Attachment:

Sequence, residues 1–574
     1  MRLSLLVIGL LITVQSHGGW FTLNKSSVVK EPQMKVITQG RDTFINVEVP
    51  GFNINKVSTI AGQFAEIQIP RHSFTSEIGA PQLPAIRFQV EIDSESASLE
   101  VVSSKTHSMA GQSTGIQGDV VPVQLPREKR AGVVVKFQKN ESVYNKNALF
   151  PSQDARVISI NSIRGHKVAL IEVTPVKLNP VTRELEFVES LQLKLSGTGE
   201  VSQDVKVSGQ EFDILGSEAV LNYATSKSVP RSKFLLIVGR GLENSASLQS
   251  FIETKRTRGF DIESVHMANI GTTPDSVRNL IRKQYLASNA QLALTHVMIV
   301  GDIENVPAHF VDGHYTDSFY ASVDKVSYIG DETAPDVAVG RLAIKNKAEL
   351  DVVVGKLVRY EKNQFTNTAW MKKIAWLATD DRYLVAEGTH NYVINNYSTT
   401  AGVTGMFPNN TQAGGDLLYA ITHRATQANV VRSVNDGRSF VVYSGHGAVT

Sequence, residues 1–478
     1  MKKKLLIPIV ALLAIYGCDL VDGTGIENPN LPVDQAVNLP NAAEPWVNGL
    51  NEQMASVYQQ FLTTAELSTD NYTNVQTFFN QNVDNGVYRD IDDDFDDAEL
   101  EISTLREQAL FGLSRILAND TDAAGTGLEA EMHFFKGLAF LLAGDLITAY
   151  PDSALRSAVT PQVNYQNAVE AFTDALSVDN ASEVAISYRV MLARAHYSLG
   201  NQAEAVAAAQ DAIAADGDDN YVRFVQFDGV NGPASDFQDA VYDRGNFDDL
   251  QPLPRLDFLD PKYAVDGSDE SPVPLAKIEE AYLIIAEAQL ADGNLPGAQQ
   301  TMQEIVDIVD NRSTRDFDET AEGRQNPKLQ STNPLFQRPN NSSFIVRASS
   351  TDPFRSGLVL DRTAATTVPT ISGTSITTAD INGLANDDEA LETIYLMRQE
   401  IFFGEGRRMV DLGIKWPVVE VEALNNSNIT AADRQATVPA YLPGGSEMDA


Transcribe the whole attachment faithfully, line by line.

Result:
Sequence, residues 1–574
     1  MRLSLLVIGL LITVQSHGGW FTLNKSSVVK EPQMKVITQG RDTFINVEVP
    51  GFNINKVSTI AGQFAEIQIP RHSFTSEIGA PQLPAIRFQV EIDSESASLE
   101  VVSSKTHSMA GQSTGIQGDV VPVQLPREKR AGVVVKFQKN ESVYNKNALF
   151  PSQDARVISI NSIRGHKVAL IEVTPVKLNP VTRELEFVES LQLKLSGTGE
   201  VSQDVKVSGQ EFDILGSEAV LNYATSKSVP RSKFLLIVGR GLENSASLQS
   251  FIETKRTRGF DIESVHMANI GTTPDSVRNL IRKQYLASNA QLALTHVMIV
   301  GDIENVPAHF VDGHYTDSFY ASVDKVSYIG DETAPDVAVG RLAIKNKAEL
   351  DVVVGKLVRY EKNQFTNTAW MKKIAWLATD DRYLVAEGTH NYVINNYSTT
   401  AGVTGMFPNN TQAGGDLLYA ITHRATQANV VRSVNDGRSF VVYSGHGAVT

Sequence, residues 1–478
     1  MKKKLLIPIV ALLAIYGCDL VDGTGIENPN LPVDQAVNLP NAAEPWVNGL
    51  NEQMASVYQQ FLTTAELSTD NYTNVQTFFN QNVDNGVYRD IDDDFDDAEL
   101  EISTLREQAL FGLSRILAND TDAAGTGLEA EMHFFKGLAF LLAGDLITAY
   151  PDSALRSAVT PQVNYQNAVE AFTDALSVDN ASEVAISYRV MLARAHYSLG
   201  NQAEAVAAAQ DAIAADGDDN YVRFVQFDGV NGPASDFQDA VYDRGNFDDL
   251  QPLPRLDFLD PKYAVDGSDE SPVPLAKIEE AYLIIAEAQL ADGNLPGAQQ
   301  TMQEIVDIVD NRSTRDFDET AEGRQNPKLQ STNPLFQRPN NSSFIVRASS
   351  TDPFRSGLVL DRTAATTVPT ISGTSITTAD INGLANDDEA LETIYLMRQE
   401  IFFGEGRRMV DLGIKWPVVE VEALNNSNIT AADRQATVPA YLPGGSEMDA